A four-part epic that tackles the intricate connections between two broken families at the tail end of the Cultural Revolution, it has all the trappings of a historical melodrama — with sweeping camera movements, waves of classical music, saturated colors, and surreal bursts of passion. But it’s a tale of loss and madness that seems to go crazy as it proceeds. Even as the fragmented, nonlinear narrative builds toward resolution, a stylistic delirium starts to take over. By the end, the mysterious relationships (which have, once again, been obfuscated by the fact that no character can tell the truth to anyone else) finally make some story sense, even as what we see onscreen becomes more frenetic and absurd. The result is singular: I spent much of The Sun Also Rises convinced it wasn’t working, and was then awash in tears throughout its final, boisterous, brazenly bizarre episode.
In 2011, Jiang scored a historic box office success with Let the Bullets Fly, a film that many view as having inaugurated China’s blockbuster era. (After this, box office records would be broken every few months by newer releases.) It’s no less tonally divergent and genre-bending than The Sun Also Rises (which had failed with critics and audiences), but it also provides some genre thrills, with its nutty action-movie plot, set in the 1920s, about a Robin Hood–like bandit (Jiang) who poses as the new governor of a small village, only to find himself doing battle with the local warlord (played with murderous glee by Hong Kong superstar Chow Yun-fat).
It’s surprising that China’s censors gave this one a pass. The Western-inflected plot and the high body count of Let the Bullets Fly gives cover to Jiang’s portrait of money-grubbing officials and a citizenry easily manipulated by the flashy rituals of politics and the empty promises of demagogues. Then again, it’s hard to read messages when you’re struggling to keep up with basic plot elements. Jiang’s pacing is so fast, his dialogue so sharp, his characters so two-faced, that it’s frequently hard to figure out what’s actually happening. (It doesn’t help that the principals are often pretending to be different people; they also all have doubles, and they sometimes wear masks.) But even if you don’t always catch everything, you can still groove on the kineticism of Jiang’s camera, the lushness of his imagery, the energy of his performers. It’s an action spectacle that verges on the abstract. And, as usual, it’s hilarious.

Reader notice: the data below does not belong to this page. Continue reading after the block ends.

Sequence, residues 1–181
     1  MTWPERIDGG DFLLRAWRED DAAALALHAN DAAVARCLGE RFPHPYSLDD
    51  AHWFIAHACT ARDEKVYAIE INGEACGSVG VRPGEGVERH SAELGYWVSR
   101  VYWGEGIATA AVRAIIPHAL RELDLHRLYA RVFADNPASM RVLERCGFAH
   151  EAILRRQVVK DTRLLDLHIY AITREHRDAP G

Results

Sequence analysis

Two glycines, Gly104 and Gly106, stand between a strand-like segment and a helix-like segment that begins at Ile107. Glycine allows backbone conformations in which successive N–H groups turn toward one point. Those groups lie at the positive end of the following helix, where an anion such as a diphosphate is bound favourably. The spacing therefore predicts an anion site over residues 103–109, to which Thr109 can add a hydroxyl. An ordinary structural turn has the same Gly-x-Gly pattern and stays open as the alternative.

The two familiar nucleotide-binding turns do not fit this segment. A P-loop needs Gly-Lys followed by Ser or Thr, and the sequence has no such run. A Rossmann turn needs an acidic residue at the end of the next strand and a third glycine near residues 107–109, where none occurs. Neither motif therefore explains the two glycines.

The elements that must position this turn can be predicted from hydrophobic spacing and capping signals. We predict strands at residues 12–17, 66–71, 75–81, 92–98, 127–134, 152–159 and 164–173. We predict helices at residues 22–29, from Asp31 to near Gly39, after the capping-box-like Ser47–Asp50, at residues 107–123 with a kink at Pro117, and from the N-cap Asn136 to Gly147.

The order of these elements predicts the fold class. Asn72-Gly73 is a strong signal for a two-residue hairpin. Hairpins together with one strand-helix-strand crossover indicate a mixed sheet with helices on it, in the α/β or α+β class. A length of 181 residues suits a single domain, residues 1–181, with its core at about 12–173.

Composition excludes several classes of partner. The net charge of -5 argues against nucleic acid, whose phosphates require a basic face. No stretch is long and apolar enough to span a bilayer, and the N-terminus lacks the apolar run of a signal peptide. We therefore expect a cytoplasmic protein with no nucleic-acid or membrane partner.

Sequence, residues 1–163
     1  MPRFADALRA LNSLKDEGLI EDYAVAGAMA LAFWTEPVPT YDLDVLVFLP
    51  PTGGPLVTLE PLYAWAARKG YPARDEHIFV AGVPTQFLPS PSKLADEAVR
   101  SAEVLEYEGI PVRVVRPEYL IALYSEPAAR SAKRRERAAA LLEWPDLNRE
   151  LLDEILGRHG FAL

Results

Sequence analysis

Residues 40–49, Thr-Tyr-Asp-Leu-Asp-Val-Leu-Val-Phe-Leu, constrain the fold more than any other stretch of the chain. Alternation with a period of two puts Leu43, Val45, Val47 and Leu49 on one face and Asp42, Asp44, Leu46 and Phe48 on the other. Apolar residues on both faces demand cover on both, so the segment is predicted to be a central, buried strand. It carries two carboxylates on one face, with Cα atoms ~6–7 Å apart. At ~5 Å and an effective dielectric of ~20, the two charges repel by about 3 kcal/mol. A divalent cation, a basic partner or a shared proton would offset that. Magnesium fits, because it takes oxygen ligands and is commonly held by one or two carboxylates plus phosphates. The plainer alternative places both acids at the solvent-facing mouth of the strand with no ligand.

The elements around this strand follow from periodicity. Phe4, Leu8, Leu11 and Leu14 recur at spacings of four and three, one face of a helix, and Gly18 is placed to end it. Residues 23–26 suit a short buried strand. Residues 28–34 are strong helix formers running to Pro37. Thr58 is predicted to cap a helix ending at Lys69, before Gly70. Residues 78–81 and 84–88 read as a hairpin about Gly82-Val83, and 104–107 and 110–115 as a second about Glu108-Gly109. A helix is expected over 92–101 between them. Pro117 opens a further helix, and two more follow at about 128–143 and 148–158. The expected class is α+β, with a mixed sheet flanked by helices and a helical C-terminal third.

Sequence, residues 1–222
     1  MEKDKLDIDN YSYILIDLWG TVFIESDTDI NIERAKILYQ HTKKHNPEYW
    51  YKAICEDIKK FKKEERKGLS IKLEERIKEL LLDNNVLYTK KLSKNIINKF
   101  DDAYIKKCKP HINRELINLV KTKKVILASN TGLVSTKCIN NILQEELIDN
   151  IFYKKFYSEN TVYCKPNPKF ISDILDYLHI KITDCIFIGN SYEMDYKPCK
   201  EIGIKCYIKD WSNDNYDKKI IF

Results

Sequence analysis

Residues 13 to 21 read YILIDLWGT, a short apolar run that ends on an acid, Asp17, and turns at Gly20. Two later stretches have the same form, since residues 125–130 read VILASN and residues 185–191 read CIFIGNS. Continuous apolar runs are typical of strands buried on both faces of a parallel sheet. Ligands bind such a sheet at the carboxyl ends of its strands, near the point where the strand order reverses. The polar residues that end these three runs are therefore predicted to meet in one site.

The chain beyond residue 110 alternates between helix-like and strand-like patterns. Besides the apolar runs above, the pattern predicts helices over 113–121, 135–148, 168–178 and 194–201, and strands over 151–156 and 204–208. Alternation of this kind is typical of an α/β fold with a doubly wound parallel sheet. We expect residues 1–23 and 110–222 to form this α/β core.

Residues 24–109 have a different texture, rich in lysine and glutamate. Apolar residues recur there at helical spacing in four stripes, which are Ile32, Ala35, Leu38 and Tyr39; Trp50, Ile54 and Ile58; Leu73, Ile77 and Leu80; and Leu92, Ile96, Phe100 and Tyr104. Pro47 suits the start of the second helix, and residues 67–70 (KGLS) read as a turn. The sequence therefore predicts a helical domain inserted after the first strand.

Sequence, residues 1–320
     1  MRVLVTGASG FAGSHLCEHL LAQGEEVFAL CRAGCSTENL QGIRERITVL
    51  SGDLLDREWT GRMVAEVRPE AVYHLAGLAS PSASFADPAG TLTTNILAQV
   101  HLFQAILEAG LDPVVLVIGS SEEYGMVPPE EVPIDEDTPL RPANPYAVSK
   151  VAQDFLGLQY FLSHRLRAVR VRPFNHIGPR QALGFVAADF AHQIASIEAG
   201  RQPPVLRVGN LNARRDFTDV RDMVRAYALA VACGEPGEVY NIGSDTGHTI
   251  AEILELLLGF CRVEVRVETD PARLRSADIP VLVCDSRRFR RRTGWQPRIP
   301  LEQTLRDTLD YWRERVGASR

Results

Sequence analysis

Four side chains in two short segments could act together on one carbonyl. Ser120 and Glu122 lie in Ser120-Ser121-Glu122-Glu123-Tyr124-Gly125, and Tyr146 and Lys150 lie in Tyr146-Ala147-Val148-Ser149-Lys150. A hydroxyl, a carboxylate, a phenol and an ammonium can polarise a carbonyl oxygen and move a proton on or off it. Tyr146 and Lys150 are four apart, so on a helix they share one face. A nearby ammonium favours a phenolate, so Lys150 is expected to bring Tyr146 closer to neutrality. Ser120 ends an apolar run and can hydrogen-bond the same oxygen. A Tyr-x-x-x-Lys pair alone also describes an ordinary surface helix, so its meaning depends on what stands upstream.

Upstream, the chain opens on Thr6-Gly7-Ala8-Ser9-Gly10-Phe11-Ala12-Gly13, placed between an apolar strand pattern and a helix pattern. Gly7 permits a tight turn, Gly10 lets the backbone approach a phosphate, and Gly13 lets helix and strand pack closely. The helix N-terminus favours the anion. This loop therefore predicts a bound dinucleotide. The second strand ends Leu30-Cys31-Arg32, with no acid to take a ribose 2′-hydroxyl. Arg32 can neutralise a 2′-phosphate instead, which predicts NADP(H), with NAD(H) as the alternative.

Jiang’s most recent effort, 2014’s Gone With the Bullets, was meant as a loose sequel to Let the Bullets Fly, even though it didn’t quite replicate that earlier work’s success. (It also got in trouble with censors, who famously halted the film’s premiere to ask for last-minute changes.) But Gone isn’t an action flick. The tale of an ex-nobleman and gangster (played by Jiang himself) who is accused of killing his lover and tries desperately to clear his name when his crime becomes an enduring element of pop culture, it doesn’t ever actually settle into any one genre. Early on, the film parodies gangster flicks, then delivers several eye-popping musical numbers, then becomes a romance, then a police procedural — before doubling back on itself and recasting its earlier scenes via a variety of other media, including a puppet show, a theatrical performance, and a silent movie. The story is based, very loosely, on a real-life murder case in 1920s Shanghai that led to China’s first feature film. But Jiang again uses the setup to explore the unreliability of narrative and the malleability of the audience. The whole is mind-blowingly bizarre, climaxing with one of the weirdest car chases I’ve ever seen. And, as with everything Jiang Wen has directed, I’m still not entirely sure I didn’t just dream it all.
May 3–11, BAM